It’s official.  For the first time since the major edits of 2009, the Supreme Court has revised the North Carolina Rules of Appellate Procedure.  While there is no change as momentous as, say, the abolition of assignments of error four years ago, the rule changes will soon impact every appellate practitioner.

The biggest change is that Reply briefs are now always permitted under new Rule 28(h).  No longer will you have to wait to find out if your case would be orally argued, or wonder whether an Appellee’s brief presents an issue sufficiently “new” or “additional” to merit a Reply.  Instead, you will have 14 days to serve a Reply in every case.  Period.

The primary reason behind this change lies in the statistics of oral arguments.  Approximately 80% of appeals have historically been “30(f)’d,” meaning decided without oral argument.  Under old Rule 28(h), parties had a right to file a Reply brief in that instance, after the Court had made an initial review of the briefs and found oral argument unnecessary.  The timing also didn’t work well.  Reply briefs were often filed just days before conference–the day the panel votes on the disposition of the appeal.  That is, in 80% of cases, a reply brief was allowed, but not all that useful.  New Rule 28(h) simply increases that number to 100%, but requires a Reply brief to be filed within 14 days of the Appellee’s brief.  The idea is that the panel can timely consider the Reply brief alongside the other briefs.

Next, the revisions codify an existing practice allowing the “three-day mail rule” in Rule 27(b) to be applied when a document is served by email.  This is not a substantive change.

Finally, the revisions rewrite Rule 9(d), which deals with Documentary Exhibits.  Most significantly, the Court will now require documentary exhibits to be paginated and, when multiple exhibits are filed, indexed.  This is most useful for appeals from trials or other evidentiary hearings.  Instead of sending up a haphazard array of trial exhibits, you must now organize the documents first.  No Judge wants to be fumbling through unnumbered pages without an index trying to find what you keep calling “the key document in this case.”  (The Appellate Style Manual already provides a nice example of how to comply with this Rule.)  The revisions also make clear that the trial court clerks must send non-reproducible exhibits (e.g., a weapon, an oversized plat) to the appellate courts upon counsel’s written request.  No order from the appellate court is required.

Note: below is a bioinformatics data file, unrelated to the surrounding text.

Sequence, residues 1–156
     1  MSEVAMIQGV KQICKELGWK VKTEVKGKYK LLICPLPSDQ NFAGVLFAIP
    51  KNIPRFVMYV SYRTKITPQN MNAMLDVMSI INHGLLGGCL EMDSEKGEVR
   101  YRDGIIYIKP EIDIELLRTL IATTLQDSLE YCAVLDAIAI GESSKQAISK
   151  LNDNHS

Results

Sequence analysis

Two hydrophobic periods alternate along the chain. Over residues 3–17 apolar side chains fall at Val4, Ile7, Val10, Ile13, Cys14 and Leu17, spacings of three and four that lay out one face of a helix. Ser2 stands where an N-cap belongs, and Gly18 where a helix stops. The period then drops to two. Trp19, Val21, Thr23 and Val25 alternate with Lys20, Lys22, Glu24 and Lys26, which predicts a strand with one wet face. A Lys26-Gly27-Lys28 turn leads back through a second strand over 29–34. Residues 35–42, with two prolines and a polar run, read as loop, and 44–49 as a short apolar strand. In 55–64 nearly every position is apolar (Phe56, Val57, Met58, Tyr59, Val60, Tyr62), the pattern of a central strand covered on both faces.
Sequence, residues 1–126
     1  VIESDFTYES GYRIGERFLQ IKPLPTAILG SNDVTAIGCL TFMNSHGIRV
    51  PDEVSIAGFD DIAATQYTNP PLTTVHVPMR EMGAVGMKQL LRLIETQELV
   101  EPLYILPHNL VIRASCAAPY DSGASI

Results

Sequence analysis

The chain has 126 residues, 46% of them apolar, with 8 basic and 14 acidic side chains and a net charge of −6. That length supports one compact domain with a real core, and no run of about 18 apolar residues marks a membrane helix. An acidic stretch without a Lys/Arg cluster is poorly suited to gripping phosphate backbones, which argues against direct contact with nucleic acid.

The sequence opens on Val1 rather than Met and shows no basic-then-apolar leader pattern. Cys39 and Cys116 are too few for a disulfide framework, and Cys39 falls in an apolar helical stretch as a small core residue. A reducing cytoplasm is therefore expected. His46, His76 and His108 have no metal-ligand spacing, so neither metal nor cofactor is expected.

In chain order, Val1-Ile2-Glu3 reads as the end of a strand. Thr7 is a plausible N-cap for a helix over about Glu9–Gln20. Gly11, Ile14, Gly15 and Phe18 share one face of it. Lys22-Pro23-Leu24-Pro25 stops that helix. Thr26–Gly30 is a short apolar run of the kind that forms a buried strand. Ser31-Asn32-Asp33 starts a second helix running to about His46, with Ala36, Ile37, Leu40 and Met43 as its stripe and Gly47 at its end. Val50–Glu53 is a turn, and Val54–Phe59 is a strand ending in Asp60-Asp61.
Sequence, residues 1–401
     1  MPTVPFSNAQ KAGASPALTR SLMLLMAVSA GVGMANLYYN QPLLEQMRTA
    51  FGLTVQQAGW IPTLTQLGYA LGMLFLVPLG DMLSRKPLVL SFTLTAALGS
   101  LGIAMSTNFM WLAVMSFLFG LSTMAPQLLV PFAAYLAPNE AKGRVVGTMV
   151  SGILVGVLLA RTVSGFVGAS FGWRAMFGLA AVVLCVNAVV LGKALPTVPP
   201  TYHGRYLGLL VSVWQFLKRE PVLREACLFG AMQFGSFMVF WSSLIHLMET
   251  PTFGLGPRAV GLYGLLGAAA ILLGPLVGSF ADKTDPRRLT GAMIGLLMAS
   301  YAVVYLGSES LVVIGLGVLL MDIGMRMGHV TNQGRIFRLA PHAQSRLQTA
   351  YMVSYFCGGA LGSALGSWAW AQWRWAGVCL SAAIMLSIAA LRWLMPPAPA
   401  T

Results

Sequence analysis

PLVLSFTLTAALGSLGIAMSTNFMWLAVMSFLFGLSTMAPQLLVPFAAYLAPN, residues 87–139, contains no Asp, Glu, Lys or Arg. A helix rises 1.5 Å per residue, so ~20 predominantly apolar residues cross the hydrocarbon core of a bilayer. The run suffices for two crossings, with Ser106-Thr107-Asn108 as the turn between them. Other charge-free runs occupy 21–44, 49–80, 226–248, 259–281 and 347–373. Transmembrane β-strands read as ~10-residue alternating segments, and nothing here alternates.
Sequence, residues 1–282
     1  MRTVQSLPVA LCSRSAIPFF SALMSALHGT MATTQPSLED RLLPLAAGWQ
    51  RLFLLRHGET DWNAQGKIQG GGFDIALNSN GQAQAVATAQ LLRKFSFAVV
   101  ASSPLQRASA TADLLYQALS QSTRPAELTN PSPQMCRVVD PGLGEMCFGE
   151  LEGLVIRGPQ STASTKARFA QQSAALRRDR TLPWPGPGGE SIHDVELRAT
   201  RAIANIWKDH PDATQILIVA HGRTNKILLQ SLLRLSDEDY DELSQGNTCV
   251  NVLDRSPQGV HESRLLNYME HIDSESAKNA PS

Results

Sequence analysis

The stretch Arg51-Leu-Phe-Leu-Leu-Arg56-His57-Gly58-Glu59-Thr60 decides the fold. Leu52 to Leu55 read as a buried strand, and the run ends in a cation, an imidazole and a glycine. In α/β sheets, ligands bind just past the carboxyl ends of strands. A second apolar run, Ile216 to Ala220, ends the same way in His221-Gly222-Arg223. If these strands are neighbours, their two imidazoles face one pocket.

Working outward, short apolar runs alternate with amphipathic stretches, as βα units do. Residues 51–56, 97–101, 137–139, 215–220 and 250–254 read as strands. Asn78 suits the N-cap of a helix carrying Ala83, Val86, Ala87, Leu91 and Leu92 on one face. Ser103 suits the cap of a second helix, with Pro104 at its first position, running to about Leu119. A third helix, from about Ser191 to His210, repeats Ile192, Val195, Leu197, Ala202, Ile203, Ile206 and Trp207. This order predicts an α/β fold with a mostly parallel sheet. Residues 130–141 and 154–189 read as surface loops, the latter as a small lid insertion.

The rule changes are effective April 15, 2013.  Unlike after the 2009 changes, the rules do not change for appeals filed on or after April 15, 2013.  Rather, the rules change on April 15, 2013.  This may lead to some interesting squabbles for papers due around that time.  For example, do you have an automatic right to file a Reply brief to an Appellee’s brief filed, say, on April 10?

These rule changes are good news for appellate practitioners, in my view.  Many thanks to the Supreme Court for being responsive to the needs of the appellate bar, and for its continued stewardship of the Appellate Rules.

–Matt Leerberg